Academic journal article Hong Kong Journal of Psychiatry

Testing the Vascular Depression Hypothesis: Comparison of Magnetic Resonance Imaging Features in Elderly Patients with Depression

Academic journal article Hong Kong Journal of Psychiatry

Testing the Vascular Depression Hypothesis: Comparison of Magnetic Resonance Imaging Features in Elderly Patients with Depression

Article excerpt


Objective: A subcategory of depression in elderly people, termed vascular depression, has previously been proposed. This study tests one hypothesis of this proposal, the association between the presence of white matter hyperintensities seen on magnetic resonance imaging and clinical symptoms characteristic of vascular depression.

Patients and Methods: Ten consecutive patients referred to an old age psychiatry unit, older than 65 years and meeting the International Classification of Diseases-10 criteria for depression, were screened for symptoms of vascular depression. Clinical ratings of 'classical' depressive symptoms and physical morbidity were also completed. The intensity of white matter hyperintensities on magnetic resonance imaging for each patient was blindly rated by a consultant radiologist.

Results: The severity of vascular depression symptoms was positively correlated with the severity of white matter hyperintensities. White matter hyperintensity severity was not correlated with age, gender, or physical morbidity. The mean severity of white matter hyperintensities was significantly greater in the vascular depression subgroup compared with the 'classical' depression subgroup.

Conclusions: A subcategory of depression in the elderly, vascular depression, is associated with increased severity of white matter hyperintensities seen on magnetic resonance imaging. This subcategory can be defined purely on the grounds of clinical symptoms. Key words: Depression, Pathology, Vascular factors


It has been nearly a quarter of a century since Robinson et al demonstrated a possible association between vascular pathology in the brain and depression using both animal models (1) and case studies. (2) Although Robinson et al's original proposition, that left hemisphere strokes cause depression, has not stood the test of time, (3) interest in the concept of 'vascular depression' has grown.

The association has been demonstrated in both directions, with depressed outpatients appearing to show higher rates of hypertension, (4) while patients suffering coronary artery disease show higher rates of depression. (5) Baldwin has suggested that late-onset depression in particular is associated with vascular risk factors and vascular disease. (6) This subgroup of patients have less genetic susceptibility to depression, (7) and would also be expected to have greater psychological resilience, which focuses interest on possible neuropathological aetiologies.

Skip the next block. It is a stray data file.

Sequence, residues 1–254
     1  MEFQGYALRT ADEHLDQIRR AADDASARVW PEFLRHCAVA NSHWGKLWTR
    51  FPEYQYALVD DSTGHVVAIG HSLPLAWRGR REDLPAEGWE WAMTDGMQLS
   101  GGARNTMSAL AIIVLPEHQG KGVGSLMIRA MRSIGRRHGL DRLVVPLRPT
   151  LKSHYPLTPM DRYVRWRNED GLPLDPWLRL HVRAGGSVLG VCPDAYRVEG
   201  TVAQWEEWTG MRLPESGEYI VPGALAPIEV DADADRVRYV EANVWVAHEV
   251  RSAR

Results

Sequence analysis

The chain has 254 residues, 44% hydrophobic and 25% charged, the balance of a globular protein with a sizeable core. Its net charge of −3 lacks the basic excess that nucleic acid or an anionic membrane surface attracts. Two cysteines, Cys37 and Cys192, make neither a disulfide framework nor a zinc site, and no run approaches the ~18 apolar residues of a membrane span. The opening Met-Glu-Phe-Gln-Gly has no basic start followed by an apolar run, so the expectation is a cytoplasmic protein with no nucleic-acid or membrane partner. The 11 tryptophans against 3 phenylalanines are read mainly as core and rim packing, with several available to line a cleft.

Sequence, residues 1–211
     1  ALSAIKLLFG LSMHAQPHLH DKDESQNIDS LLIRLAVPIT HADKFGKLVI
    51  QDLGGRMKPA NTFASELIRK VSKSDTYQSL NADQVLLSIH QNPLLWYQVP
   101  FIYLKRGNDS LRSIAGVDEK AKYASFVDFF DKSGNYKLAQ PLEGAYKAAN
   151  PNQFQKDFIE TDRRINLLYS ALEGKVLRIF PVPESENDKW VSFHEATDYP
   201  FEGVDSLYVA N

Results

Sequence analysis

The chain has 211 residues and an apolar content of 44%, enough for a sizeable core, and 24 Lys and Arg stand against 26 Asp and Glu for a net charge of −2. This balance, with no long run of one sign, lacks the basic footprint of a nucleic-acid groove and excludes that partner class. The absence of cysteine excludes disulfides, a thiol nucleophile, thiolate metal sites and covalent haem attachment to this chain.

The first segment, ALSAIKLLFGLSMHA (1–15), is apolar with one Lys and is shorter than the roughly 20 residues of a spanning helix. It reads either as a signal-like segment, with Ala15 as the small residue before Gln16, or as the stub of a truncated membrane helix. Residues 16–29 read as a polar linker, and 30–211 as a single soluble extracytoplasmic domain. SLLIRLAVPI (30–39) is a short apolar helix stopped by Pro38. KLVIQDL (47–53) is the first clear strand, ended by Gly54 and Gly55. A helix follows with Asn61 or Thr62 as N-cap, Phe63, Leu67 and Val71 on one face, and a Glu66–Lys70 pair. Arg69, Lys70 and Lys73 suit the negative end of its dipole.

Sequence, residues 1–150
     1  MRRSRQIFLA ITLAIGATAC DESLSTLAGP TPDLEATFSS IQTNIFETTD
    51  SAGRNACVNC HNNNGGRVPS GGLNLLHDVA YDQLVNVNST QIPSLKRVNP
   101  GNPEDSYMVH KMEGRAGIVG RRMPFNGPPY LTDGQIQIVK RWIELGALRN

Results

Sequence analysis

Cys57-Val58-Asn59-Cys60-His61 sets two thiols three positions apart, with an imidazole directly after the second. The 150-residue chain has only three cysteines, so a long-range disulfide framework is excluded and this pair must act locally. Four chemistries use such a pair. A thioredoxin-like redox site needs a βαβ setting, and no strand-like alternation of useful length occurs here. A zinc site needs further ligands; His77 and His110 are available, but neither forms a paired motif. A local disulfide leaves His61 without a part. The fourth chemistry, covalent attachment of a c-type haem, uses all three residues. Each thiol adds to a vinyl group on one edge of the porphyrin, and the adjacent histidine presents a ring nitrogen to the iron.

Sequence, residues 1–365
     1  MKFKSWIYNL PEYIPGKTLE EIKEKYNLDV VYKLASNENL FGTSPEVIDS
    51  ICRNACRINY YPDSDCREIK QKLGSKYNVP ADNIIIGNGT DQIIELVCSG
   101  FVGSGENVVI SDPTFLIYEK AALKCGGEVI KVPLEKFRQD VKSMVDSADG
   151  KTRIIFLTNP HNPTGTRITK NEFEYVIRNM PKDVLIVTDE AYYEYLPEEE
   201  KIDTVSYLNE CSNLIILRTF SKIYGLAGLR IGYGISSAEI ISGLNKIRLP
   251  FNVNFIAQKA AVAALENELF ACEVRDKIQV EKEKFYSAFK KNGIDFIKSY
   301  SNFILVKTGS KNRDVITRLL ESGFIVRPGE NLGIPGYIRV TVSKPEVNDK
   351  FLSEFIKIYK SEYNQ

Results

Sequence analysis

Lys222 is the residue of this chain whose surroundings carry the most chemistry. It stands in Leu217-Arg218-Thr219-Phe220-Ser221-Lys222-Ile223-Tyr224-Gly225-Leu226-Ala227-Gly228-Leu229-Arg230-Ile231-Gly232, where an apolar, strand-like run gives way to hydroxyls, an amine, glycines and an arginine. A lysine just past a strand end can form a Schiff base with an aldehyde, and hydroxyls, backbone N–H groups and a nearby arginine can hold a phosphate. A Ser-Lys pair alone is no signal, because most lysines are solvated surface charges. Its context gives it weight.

The advent of magnetic resonance imaging (MRI) and the description of white matter hyperintensities (WMH), or leukoaraiosis, by Hachinski et al (8) has fuelled a contemporary debate as to whether late-onset depression is associated with vascular pathology in the brain. (6) Depressed elderly patients have been shown to have more WMH than non-depressed elderly patients. (9) Late-onset depression may also be associated with greater subcortical hyperintensities in the basal ganglia compared with early-onset depression. (10) Harrel et al found that those depressed patients with the most severe WMH also had significantly lower mini-mental state examination (MMSE) scores compared with those depressed patients with mild WMH. (11) In a review of neuroimaging studies in depression, Soares and Mann have suggested the following clinical correlations to subcortical WMHs: apathy, psychomotor slowing, and poorer response to antidepressant treatment. (12)

Some authors have elaborated on these observations to suggest that a subset of depression in the elderly, termed 'vascular depression', is pathologically related to the presence of WMHs. Krishnan et al have put forward MRIdefined criteria for diagnosing vascular depression, (13) which include a score greater than 2 using the criteria of Fazekas et al, (14) which provides an assessment of the extent of subcortical grey matter, deep white matter, and periventricular changes on brain MRI. …

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